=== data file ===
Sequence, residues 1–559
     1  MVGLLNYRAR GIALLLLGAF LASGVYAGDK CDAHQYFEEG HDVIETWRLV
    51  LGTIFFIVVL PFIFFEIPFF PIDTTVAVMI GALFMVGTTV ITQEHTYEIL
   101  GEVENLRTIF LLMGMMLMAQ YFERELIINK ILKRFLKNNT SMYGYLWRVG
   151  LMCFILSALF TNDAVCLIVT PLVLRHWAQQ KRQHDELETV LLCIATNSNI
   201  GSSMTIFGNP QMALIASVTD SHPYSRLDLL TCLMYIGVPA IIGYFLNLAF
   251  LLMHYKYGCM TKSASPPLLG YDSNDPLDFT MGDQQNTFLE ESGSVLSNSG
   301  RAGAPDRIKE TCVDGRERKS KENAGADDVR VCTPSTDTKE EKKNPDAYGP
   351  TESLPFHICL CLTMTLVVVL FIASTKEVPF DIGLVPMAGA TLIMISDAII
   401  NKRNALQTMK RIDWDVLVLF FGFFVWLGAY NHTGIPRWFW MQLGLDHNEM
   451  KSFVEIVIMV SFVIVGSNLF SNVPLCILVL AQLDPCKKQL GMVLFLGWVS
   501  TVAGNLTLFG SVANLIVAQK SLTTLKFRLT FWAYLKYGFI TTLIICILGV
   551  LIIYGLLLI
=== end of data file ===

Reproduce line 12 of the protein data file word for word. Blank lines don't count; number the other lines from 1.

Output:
   501  TVAGNLTLFG SVANLIVAQK SLTTLKFRLT FWAYLKYGFI TTLIICILGV